a journal of a researcher

Sunday, May 22, 2005

Ile d’Yeu

Among the Europeans, you will find you are in life. Though they are hard working people, they do not care too much the ranking, neither are they too keen to gain status. So they can keep in solitude status for a long time. Compared to this, North American style is a little bit too competency oriented. The researchers work and work in order not to be solitude, as I observed.

In Ile d’Yeu, we had a bicycle tour on Day Two afternoon. The weather was good. I was able to finish the full turn around the coast of the island. It was about 3 hours for 32km. It was a very quiet island with 5000 habitants. The major industry is fishing and tourism. From the photos you can see its landscape and how the street looks like.

L'ile d'Yeu

Quiet Street




  • Beautiful pictures!!! Thanks for sharing them.

    I don't know if it is true that Europeans do not care about ranking. This feels like a generalization.

    By Blogger Daniel Lemire, at 6:49 AM  

  • As a European I can confirm that ranking is less of an issue for Europeans as it is for Americans or Canadians.

    For instance, the concept of ranking Universities is rather new to Europe and students don't usually care too much about it. They simply go to the university that offers the courses they want to take.

    To ensure that, for instance, the title "Master of Computer Science" entails a similar quality and quantity of teaching regardless of the teaching location (University), certain frame rules are in place.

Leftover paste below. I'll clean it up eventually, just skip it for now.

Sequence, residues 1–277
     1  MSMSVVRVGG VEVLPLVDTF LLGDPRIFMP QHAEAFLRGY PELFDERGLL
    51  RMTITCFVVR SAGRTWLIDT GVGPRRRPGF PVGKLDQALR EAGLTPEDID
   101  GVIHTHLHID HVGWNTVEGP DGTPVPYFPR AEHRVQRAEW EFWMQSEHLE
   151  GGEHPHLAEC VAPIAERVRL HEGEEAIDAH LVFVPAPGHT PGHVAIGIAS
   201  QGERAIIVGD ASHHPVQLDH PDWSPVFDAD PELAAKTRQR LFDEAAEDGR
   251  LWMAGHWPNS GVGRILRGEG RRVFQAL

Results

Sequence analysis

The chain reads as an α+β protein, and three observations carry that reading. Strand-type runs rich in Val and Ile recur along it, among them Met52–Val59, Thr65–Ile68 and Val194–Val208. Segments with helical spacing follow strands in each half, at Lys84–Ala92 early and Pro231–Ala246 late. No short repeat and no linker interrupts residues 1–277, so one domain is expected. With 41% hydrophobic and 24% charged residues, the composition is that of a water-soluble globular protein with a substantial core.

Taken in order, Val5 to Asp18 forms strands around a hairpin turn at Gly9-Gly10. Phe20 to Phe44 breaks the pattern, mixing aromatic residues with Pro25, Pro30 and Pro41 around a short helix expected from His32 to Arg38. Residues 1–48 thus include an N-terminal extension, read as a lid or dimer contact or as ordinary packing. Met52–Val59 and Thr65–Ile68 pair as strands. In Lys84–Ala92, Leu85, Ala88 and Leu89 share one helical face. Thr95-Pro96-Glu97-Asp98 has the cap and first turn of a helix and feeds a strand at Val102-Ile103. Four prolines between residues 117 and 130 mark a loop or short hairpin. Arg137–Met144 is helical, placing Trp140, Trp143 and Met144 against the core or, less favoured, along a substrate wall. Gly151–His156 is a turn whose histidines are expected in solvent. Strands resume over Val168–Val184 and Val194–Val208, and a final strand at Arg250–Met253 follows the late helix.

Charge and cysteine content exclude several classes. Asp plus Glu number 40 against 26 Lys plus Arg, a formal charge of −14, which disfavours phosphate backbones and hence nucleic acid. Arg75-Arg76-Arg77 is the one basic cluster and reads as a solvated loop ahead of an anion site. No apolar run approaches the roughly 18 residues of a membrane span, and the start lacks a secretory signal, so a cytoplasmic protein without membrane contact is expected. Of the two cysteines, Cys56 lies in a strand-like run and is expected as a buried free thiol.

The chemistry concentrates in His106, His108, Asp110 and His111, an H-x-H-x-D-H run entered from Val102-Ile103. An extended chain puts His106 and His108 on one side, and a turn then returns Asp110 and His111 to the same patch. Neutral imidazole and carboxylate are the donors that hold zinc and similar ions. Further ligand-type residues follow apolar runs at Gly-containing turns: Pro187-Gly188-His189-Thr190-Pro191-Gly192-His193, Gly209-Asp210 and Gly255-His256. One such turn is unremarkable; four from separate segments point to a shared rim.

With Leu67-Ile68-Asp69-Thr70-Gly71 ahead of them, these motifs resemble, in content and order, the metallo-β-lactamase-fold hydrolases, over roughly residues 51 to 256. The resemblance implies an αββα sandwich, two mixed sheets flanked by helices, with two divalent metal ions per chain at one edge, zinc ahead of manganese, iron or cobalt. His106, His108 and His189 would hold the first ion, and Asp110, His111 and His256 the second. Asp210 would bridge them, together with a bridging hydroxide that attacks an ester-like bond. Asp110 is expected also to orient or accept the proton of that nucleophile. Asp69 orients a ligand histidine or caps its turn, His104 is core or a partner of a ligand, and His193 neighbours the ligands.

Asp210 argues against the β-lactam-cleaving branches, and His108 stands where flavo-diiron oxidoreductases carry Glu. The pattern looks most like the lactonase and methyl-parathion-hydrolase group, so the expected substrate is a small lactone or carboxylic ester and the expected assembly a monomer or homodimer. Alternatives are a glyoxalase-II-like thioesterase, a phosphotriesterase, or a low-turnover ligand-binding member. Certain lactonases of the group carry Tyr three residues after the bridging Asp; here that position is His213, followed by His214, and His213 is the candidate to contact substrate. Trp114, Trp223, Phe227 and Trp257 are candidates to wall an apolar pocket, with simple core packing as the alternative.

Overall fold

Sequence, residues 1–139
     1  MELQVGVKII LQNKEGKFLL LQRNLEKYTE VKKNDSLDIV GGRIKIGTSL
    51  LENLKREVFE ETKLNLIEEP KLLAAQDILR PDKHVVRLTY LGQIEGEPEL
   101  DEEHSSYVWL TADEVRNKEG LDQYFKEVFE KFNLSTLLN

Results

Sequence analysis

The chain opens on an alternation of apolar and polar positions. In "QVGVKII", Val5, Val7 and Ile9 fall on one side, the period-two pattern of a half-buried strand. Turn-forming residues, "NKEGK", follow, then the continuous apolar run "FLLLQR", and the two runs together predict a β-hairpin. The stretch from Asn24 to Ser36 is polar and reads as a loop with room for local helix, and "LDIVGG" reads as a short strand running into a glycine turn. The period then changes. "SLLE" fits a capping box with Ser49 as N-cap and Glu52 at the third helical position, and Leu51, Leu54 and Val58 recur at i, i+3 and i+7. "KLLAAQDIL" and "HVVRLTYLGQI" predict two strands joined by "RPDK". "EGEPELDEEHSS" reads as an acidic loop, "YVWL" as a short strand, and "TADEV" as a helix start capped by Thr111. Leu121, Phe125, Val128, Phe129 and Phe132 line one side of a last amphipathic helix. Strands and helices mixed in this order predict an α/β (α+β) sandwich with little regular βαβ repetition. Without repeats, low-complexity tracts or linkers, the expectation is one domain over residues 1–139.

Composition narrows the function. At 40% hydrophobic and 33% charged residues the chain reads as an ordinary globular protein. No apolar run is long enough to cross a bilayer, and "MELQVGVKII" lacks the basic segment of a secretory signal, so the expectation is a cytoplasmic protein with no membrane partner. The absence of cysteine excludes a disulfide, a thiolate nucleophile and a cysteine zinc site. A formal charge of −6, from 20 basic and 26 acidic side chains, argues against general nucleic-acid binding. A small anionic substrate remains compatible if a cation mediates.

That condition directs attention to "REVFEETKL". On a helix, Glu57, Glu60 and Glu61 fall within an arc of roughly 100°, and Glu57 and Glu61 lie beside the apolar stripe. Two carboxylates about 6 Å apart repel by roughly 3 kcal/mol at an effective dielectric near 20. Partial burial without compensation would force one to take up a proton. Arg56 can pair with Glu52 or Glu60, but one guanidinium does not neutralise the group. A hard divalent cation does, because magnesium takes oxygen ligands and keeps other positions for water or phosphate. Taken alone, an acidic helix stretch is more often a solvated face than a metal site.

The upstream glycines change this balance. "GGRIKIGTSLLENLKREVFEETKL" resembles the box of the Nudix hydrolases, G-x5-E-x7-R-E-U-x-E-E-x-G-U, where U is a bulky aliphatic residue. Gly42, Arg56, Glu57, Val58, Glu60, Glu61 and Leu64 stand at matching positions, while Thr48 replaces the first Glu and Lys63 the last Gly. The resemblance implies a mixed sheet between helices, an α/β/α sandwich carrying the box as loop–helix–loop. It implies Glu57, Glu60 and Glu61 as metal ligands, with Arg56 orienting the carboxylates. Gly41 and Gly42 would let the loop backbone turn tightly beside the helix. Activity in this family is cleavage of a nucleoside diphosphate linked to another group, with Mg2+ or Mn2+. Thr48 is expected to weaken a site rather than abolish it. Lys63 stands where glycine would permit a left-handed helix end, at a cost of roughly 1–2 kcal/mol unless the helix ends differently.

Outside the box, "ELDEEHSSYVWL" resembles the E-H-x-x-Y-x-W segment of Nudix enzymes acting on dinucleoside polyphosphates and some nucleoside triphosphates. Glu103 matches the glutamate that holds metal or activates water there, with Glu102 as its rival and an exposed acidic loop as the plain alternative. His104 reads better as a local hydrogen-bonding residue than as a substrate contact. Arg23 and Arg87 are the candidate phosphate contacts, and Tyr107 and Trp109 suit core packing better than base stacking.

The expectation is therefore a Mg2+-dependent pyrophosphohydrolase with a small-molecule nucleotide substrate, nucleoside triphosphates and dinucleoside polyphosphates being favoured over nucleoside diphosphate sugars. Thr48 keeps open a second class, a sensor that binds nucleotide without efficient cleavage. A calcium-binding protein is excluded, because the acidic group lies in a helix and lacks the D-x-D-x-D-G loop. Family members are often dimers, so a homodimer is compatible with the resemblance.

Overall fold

The way especially Americans treat their ranking is viewed by Europeans as way too competitive. Team work and enjoying work and life are generally more important than "working 80 hours a week in order to improve ones ranking or in order to take over someone's position".
    This approach that is common to e.g. American companies is generally viewed as too competitive and as "taking the joy out of life". In other words: Why would you strive to reach a certain position or ranking or income if you don't have any time left to enjoy the benefits of this because you have to work 80 hours a week?

    But I would not say that either way is better. The very competitive system apparently works fine within North America while the less competitive system works fine in Europe. (If that wasn’t the case, one of the economies would be significantly weaker than the other one)

    At the same time, the issue "ranking" is certainly an upcoming issue for Europe.

    The computer science department of my home university, for example, was just rated the "best CS department in Germany" by 600 leading IT companies.
    I have no idea why and how they chose our department but it looks like I picked the right university.

    I knew "ranking" would hit Europe when I started University so I tried to find the "best" university for my subject. Looks like I succeeded. :-)

    But I can say with confidence that it was not a big issue and I don't have much of a competitive advantage over someone from another university because a graduate from there learned almost the same things I did.


    By Anonymous Anonymous, at 11:14 AM  

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